Veteran Stories:
Sidney Wallace “Sammy” Sams

Air Force

  • Mr. Sidney Sams in Gaspe, Quebec, on July 12, 2010.

    Historica Canada
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"so that if a motor had been in a crash, the first thing we had to do was tear it right down, take it right down to back to all the pieces"

Transcript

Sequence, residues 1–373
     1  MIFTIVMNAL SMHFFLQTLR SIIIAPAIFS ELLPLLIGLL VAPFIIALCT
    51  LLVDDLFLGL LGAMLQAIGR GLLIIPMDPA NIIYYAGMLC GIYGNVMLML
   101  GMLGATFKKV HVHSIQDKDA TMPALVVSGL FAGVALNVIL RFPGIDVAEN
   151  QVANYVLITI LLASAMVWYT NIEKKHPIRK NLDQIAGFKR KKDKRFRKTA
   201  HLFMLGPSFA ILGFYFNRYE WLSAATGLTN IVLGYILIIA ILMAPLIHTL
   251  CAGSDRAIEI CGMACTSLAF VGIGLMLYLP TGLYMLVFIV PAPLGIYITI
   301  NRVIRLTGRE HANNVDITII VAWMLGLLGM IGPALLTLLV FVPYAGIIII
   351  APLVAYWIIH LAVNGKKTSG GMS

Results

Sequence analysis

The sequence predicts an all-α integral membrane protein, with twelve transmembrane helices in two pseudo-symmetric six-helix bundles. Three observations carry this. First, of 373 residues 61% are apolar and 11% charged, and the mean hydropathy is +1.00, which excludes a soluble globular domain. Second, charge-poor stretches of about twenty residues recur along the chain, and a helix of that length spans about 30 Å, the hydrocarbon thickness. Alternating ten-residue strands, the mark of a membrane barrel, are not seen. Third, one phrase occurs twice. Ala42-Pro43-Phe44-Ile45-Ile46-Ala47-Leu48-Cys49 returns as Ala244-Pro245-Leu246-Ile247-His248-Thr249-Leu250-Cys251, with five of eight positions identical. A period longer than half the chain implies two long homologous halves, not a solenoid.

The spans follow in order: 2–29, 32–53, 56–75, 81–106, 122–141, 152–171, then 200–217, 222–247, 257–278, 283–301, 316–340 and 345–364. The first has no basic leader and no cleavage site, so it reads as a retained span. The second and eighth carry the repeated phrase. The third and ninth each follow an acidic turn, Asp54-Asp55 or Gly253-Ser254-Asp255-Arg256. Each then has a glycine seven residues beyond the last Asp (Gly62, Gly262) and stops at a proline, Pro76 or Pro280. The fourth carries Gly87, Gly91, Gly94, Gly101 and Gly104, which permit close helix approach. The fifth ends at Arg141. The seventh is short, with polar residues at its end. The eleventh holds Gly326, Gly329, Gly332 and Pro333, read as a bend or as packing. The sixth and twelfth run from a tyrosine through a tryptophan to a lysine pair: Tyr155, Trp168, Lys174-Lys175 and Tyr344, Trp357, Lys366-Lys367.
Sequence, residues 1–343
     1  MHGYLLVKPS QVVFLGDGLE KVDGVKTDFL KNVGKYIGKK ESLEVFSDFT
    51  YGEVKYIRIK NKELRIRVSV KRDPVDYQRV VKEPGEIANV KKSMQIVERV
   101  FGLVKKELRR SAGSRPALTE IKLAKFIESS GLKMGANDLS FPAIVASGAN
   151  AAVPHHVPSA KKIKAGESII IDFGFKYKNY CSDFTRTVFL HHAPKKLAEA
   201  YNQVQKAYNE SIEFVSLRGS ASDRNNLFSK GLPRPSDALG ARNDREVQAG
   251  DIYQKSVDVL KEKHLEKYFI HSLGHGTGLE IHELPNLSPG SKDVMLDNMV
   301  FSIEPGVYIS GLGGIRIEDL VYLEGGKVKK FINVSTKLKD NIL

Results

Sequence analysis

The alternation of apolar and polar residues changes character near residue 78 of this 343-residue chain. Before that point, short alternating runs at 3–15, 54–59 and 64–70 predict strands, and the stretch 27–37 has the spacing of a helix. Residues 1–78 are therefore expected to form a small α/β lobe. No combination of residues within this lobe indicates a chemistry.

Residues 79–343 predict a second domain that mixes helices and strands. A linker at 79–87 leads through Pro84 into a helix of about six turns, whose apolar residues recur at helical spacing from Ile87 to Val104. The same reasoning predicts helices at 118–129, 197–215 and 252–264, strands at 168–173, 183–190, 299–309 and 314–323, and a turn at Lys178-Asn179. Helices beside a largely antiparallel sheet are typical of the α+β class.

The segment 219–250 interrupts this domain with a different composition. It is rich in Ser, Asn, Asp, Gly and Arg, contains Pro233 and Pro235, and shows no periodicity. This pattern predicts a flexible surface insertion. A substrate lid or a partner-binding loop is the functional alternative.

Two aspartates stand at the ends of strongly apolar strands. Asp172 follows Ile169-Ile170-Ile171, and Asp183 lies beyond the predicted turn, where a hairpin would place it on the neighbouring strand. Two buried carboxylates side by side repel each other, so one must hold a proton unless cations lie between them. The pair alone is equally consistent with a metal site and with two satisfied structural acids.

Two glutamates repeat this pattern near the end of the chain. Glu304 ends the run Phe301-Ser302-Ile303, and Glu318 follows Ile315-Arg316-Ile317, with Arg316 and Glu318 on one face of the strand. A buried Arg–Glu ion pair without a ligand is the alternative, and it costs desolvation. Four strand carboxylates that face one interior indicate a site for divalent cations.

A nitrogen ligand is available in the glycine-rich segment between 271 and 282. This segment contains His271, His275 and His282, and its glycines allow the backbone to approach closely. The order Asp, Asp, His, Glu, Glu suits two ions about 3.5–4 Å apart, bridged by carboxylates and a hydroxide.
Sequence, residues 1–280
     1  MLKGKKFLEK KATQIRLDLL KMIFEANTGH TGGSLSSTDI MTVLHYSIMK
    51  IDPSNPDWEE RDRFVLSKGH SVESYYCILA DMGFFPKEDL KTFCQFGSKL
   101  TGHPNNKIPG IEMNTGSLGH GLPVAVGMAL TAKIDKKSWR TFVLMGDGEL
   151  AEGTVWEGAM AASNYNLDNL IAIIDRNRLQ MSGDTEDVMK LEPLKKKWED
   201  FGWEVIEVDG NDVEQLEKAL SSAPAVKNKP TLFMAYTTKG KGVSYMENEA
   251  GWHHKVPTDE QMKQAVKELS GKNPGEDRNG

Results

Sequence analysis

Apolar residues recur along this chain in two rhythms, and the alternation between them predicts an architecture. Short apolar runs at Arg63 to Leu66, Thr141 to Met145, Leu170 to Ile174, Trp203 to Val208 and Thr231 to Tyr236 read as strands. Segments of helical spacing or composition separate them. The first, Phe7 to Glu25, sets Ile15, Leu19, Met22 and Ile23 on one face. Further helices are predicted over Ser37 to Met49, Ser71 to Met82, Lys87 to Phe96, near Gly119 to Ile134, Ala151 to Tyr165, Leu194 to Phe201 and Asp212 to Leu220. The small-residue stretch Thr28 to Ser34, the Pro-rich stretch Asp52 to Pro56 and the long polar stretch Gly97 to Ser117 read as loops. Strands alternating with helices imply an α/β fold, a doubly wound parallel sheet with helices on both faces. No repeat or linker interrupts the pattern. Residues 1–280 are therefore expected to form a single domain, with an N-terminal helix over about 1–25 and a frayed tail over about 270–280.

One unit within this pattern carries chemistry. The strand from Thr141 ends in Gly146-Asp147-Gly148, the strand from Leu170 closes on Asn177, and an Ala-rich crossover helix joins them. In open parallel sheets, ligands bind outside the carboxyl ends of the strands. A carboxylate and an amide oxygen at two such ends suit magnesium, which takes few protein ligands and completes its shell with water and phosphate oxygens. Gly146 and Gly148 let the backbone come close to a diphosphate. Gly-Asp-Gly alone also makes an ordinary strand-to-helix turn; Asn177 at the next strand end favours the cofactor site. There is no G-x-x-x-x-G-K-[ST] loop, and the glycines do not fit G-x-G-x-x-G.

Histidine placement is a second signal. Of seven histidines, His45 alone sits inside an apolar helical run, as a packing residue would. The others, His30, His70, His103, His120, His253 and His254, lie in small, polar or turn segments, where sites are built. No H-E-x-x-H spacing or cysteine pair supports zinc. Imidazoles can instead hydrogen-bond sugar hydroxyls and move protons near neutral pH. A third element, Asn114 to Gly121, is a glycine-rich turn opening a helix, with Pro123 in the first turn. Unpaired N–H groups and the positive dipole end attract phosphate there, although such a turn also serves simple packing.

They said we’re going to go to overseas and then they decided they weren’t going to send us. So then they decided we were going to go. So I saw the sergeant and I told him that I wanted to go on that, because my brother Fred is over in England at the time, he was in France and then he was going to be coming back to England. So he decided, I said, I want to go with it, put me on the draft. Okay, he said, I’ll see what I can do. So he put me on the draft and I went over and I wasn’t over there very long because they were getting, looking for people that was going to sign on to go to the Japanese war. So when we come back, that was a, actually, what we went over for was to, they kind of made it known to us that if we went, we would have to go to the Japanese war. I got ready to go there and then they sent us to England first, because we were going to go to work, I was going to work on an English depot over there, so we got into England and then we were sent to ... First we went into the police and they give us a refresher course on how in case England was invaded, how to shoot and how to handle the rifles and that. But I knew that because I had been in the Reserve Army before I went into the [Royal Canadian] Air Force. And they took us way up to the north of England and that’s where we went to work in this repair depot. We did a lot on the depot that they didn’t do in the field. If you were on the field with a squadron, well, you prepared the plane and it was gone and then you didn’t have any trouble or anything else because then you were off until the planes come back in again. But at the repair depot, most of it was done, because I was an aero-engine mechanic. Most of the things was rebuilding motors, think about back from either a crash or something like that, so that if a motor had been in a crash, the first thing we had to do was tear it right down, take it right down to back to all the pieces laying and then they’d take them and they’d put them through a process that would clean all the stuff that’s left on them off. And then they took them out and they went first to one section and measured them and checked them and as they passed out, then they put them on another table and then that table came to us. We took turns where we were working, if we were putting pistons in, well, the table would come along, you’d take each piston, you’d put it on and you put it down into the machine, mounted in the motor. And then you’d gradually build it up, then there’d be a sergeant come along and check to see what you were doing, if you were doing it right or not. But because it was a repair depot, you got a chance to work in different areas. We moved around three or four depots and then we came back to Canada. We were only over there maybe six months I think, when we got back here. We went on leave and my brother he came back too, he was on leave. And then the war ended, so we didn’t go to the Japanese war.
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